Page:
A couple of weeks ago I answered an ad for a freelanced writer, probably on Craigslist, but I’m not sure and now wish I were. As I recall they wanted a writer and were willing to pay $2 a word.
That rate is high for a writing job, particularly online, but not impossible.
A day or two later I got an email describing a 20,000 word project and asking for a more specific quote. The email had a business address and phone number in Canada and seemed fine. (I’ve done business with Canadians before successfully.) I offered to do the work for a total of $10,000, with a third up front, a third in the middle and the balance at the end, with two revisions per chapter. My bid was maybe a bit low, but the writing work they wanted was easy and was feeling a bit hungry.
The next email, which said they wanted to pay in quarters rather than thirds, also seemed fine.
Then it began to fall apart. I suggested they pay by PayPal and they responded they couldn’t use that service but would be happy to send a cashier’s check. I was told to expct a phone call to confirm my mailing address. But the English seemed off this time.
The phone call came and seemed to be just a confirmation of my address along with the statement that a cashier’s check would shortly be in the mail.
By this time I was pretty sure I was involved in some sort of scam. Since my address is public I didn’t figured I wasn’t hurting myself by confirming it. I decided to just wait and see what happened.
Sure enough in a few days a cashier’s check arrived, but instead of being for a quarter or even a third, it was for more two-thirds of our agreed amount. Now I was sure someone was being scammed.
I called my the credit union where I do business (California Coast Federal Credit Union if you’re in the San Diego area) and asked what I should do. They suggested I call the issuing bank, or in this case, credit union (Michigan State University Federal Credit Union if you’re there – nice folks). The logo on the check and the logo on the credit union’s site were identical. I couldn’t get through on the phone, but they had a chat function and shortly I was chatting with someone helpful. Sure enough, the account existed, but was empty and according to the fellow I was chatting with it was the second or third time that day they’d gotten a call about that account!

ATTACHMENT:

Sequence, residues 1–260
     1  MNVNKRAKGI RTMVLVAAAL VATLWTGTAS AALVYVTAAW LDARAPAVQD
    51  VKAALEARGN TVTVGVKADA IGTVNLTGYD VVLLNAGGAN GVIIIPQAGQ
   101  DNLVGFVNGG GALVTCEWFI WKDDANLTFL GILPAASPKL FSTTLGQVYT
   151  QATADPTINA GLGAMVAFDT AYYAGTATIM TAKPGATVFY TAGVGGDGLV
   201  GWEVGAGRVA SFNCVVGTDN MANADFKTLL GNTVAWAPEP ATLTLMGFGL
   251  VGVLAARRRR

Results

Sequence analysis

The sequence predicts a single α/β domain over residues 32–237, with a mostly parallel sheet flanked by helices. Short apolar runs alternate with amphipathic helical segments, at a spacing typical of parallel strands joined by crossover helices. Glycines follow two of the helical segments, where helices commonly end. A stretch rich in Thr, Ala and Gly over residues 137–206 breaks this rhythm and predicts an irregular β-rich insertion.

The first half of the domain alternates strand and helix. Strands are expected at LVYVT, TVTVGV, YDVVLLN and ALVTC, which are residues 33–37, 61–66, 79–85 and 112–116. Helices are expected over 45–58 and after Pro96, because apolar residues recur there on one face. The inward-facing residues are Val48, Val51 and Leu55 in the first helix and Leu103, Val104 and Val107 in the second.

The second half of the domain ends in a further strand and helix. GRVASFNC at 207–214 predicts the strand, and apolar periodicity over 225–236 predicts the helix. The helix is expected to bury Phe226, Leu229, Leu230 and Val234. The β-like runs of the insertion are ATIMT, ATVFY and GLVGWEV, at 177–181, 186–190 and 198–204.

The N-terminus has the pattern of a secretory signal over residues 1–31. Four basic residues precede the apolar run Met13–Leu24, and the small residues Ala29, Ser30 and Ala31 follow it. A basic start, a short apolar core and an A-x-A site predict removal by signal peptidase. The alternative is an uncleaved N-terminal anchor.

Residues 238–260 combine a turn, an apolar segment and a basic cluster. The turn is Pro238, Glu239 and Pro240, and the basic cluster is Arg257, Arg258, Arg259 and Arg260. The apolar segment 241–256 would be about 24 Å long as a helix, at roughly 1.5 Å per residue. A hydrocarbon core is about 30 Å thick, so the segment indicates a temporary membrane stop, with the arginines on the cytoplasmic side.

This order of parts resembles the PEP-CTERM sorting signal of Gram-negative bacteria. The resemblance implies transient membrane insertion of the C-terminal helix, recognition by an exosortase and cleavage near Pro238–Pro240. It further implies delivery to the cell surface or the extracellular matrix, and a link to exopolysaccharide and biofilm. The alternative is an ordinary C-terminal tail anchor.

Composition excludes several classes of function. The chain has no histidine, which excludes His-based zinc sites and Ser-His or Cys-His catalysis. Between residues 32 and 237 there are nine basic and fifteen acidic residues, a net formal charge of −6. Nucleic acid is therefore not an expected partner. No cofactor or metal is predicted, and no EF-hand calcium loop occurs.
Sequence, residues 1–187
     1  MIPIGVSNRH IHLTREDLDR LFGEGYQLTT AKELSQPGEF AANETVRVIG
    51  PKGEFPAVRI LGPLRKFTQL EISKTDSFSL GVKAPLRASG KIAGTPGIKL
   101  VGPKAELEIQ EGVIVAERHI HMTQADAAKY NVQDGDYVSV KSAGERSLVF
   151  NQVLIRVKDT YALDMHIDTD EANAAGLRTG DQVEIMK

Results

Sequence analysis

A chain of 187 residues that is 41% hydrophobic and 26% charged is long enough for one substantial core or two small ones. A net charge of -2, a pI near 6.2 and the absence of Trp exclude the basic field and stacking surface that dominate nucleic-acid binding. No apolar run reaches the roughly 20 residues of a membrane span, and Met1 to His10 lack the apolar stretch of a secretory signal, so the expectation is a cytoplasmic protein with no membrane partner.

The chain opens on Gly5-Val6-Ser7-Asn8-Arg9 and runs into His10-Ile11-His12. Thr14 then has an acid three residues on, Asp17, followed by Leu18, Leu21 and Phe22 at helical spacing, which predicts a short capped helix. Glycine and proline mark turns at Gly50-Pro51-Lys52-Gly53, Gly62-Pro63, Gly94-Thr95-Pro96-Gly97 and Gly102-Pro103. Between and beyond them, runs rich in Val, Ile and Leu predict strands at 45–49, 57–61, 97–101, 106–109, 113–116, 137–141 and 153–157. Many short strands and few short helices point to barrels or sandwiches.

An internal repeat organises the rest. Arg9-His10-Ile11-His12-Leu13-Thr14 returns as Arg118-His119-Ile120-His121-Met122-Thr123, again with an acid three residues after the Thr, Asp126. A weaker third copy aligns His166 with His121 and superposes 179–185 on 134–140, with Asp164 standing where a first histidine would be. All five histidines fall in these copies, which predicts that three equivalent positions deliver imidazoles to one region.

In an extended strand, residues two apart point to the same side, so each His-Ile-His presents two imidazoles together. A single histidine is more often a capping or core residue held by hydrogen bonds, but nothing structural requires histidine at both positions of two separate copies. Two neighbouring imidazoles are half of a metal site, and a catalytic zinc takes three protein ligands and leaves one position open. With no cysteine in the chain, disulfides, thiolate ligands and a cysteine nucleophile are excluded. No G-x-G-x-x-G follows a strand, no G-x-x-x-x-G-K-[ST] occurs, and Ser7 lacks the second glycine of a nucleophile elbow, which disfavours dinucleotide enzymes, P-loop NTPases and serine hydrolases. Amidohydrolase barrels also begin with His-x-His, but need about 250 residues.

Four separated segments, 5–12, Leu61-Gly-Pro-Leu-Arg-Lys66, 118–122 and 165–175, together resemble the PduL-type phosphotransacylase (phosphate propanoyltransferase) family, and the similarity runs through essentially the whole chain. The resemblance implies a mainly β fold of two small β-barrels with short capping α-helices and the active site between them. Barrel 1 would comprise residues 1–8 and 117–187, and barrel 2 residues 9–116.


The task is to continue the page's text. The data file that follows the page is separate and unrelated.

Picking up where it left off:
The credit union didn’t seem to know where I could report it, but I found the Internet Crime Complaint Center and filed a report there. Since the check was mailed, although from Canada, I’m taking it and the envelope to the post office today, along with copies of the emails.
I am grateful that Craigslist posts warning like:
FAKE CASHIER CHECKS & MONEY ORDERS ARE COMMON, and BANKS WILL CASH THEM AND THEN HOLD YOU RESPONSIBLE when the fake is discovered weeks later.
over and over again. That probably planted a needed doubt in my brain.
It’s no longer enough to be wary of cashier’s checks from foreign countries, nor is it enough to simply check to see if the issuing bank exists. Nor is it enough to say if it’s too good to be true… in this case, none of those applied. The amount offered for my writing skill was reasonable. While Canada is a foreign country it isn’t Nigeria. The phone call I received was from a number that at least appeared to be inside the US and, as you know, it’s impossible to tell where emails come from.
The truth is, a call to the issuing bank is the only way to check out if the money you’re being sent exists.
I’m not clear on how the scammers expected to benefit. I can’t imagine they wanted the writing for free – the writing gig was just an excuse for the transaction. The usual pattern would be for them to ask for a portion of the money back – that hasn’t happened. In fact I haven’t heard from them at all, leading me to believe they are at least temporarily out of business. But maybe they would have asked me to refund the “extra” third. If I had they would have gained and I would have lost.
If I had deposited the check, my bank is required to honor it until they find out it’s bogus, at which point I become responsible for what I’ve spent, not either bank. In other words, I would have been on the hook.
I certainly could have stopped this by not responding at any point, or probably by trying the phone number. I don’t know why I didn’t – I don’t expect to be scammed and this is the first time it’s happened.
My decision to keep going and see what happened was both curiosity and a desire to stop scammers. But I will admit that while the fellow at the credit union was checking the account number I was considering how I might use the money!
By the way, as most of you know, I do a lot of business over the internet and will continue to. It’s probably no more risky than many streets. Just be careful.
Have you ever been scammed?
Image from http://www.sxc.hu